Monday, December 15, 2014

Homemade Calendula Oil for Sensitive Skin

I know that I talk about essential oils a lot, but herbs are another one of my passions. Earlier this year I took a course about how to use herbs and Calendula was something that really stood out to me as something I NEEDED for my sensitive skin. The more I learned about it the more I felt like it could really take some of my DIY recipes to the next level.

What Is Calendula? 
Calendula officinalis is a really fancy name for regular ole Marigold. You can grow your own (dry it completely before use) or you can buy a good quality organic variety (like this one). 

If you haven't dried your own herbs before, then I recommend that you read this really detailed guide about harvesting and drying. It's a science and if it's not done correctly your mix won't turn out the way you want it and could even mold. {sad face}

How to make your own calendula oil for fabulous skin

Why Should We Use Calendula?
Calendula has been used for centuries as a way to promote and support the skin, especially irritated skin! It is fantastic for a number of issues such as blemishes, redness, itchiness, discoloration, chapped lips, dry or sensitive skin... you get the idea! But one of the things that is so amazing about Calendula is that it can help to stimulate the production of collagen which can help to minimize scarring and a decrease the appearance of stretch marks. Sounds pretty great, doesn't it?! Hmmm... now excuse me while I smear it all over my thighs.....

But it gets better! In 2009 a research study was published about how Calendula impacted excision wounds. The researchers concluded that the group who used Calendula had a significant increase in skin health. [C. Cabrera. An Herbalist's Top Ten. Proceedings, 4th annual Herb Business Conference, 1999. 93] Cool, huh?!

I love using Calendula oil in any recipe that is made to support dry skin such as my winter skin lotion (recipe coming) or in homemade first aid remedies for skin support. 

How to Make an Oil Infusion with Calendula
How to make #DIY calendula oil for natural #skincare especially dry, irritated skin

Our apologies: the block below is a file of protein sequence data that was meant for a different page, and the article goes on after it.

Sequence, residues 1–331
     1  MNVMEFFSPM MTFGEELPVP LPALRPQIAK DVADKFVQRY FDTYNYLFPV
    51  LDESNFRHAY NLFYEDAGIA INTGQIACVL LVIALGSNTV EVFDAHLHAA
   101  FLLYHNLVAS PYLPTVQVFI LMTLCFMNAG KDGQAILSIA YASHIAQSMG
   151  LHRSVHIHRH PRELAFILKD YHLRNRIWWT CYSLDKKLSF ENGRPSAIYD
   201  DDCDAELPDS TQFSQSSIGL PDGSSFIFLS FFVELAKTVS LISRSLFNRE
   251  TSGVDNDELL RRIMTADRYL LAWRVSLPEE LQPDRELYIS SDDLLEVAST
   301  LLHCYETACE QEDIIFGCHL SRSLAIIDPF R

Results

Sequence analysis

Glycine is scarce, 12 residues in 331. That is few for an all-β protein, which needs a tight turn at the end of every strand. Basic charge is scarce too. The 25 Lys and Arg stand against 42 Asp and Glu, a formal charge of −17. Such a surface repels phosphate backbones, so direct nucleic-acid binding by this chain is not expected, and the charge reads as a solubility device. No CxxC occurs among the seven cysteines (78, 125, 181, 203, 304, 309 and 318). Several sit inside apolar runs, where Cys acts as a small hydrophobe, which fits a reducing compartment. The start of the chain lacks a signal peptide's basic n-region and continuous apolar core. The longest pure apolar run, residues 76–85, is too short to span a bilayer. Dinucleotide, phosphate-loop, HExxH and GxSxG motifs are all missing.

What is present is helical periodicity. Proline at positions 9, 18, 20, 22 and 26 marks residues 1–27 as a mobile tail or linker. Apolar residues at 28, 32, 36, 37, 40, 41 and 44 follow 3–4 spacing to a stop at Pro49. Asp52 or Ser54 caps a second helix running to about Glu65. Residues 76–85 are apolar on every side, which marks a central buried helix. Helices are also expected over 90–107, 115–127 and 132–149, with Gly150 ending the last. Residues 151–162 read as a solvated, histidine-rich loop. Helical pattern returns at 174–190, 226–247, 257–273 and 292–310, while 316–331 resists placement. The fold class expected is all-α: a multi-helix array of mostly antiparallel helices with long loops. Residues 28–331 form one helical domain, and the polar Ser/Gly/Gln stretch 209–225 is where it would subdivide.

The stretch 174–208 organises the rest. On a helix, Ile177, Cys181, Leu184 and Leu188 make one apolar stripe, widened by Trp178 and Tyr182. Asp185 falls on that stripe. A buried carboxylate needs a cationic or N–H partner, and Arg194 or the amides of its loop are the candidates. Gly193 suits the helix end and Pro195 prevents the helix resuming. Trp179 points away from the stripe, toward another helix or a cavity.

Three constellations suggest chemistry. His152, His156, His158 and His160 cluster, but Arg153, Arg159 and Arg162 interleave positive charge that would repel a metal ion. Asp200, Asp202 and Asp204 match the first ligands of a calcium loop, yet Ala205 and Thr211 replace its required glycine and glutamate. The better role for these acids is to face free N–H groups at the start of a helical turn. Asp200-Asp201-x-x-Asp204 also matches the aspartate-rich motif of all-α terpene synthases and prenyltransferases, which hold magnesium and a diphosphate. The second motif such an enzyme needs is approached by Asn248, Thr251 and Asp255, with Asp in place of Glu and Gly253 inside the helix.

Calendula is so therapeutic because of its high levels of carotenoids (vitamin A like compounds). Because these compounds are oil soluble, an infused oil is an easy and practical way to get the benefits from this herb.
Simply add the dried herb until the glass jar is about half filled and cover it generously with any liquid carrier oil (such as jojoba, almond oil, grapeseed oil, hemp seed, or fractionated coconut oil). I do NOT recommend common cooking oils (like corn or canola) or refined, expeller pressed oils. 

When making oil infusions remember that your herbs will absorbed some of the carrier oil so always make sure that the flowers are generously covered with oil. Some people suggest doubling the volume of carrier oils to flowers, but I find that you often don't need quite that much. Just keep an eye on it and add a little more oil if needed.

***Your oil must cover your plant matter completely to prevent mold growth!***

Set the jar in a sunny window for two weeks to one month and make sure that you gently shake the mixture every few days. If you live in a colder climate, you may want to put the mix in a crockpot. Read this article for slow cooker instructions! 

Using Calendula Oil
When it's ready, it should be a beauuuuutiful golden color! Just strain the mixture over another glass jar or bowl to separate the oil from the herb. You can use the herb infused oil in place of recipes that call for a liquid carrier oil or when making your own DIY salves, lotions or ointments.

Here are some recipes or uses featuring Calendula Oil
Storing Your Oils
Please always store your oil in a glass jar with a tight lid in a cool, dark place. Make sure you label and date the jar because if you are anything like me, you'll have no clue what it is in 3 months! 

This oil will stay good for about 1 year if stored properly.
Sherri Griffin
Sherri Griffin

Thanks for checking out my blog. I get serious about a few things in life: animals, chemicals, and food. For the rest I can't promise anything so keep the bar low. For more about me check out my "About Me" page! Happy DIYing!

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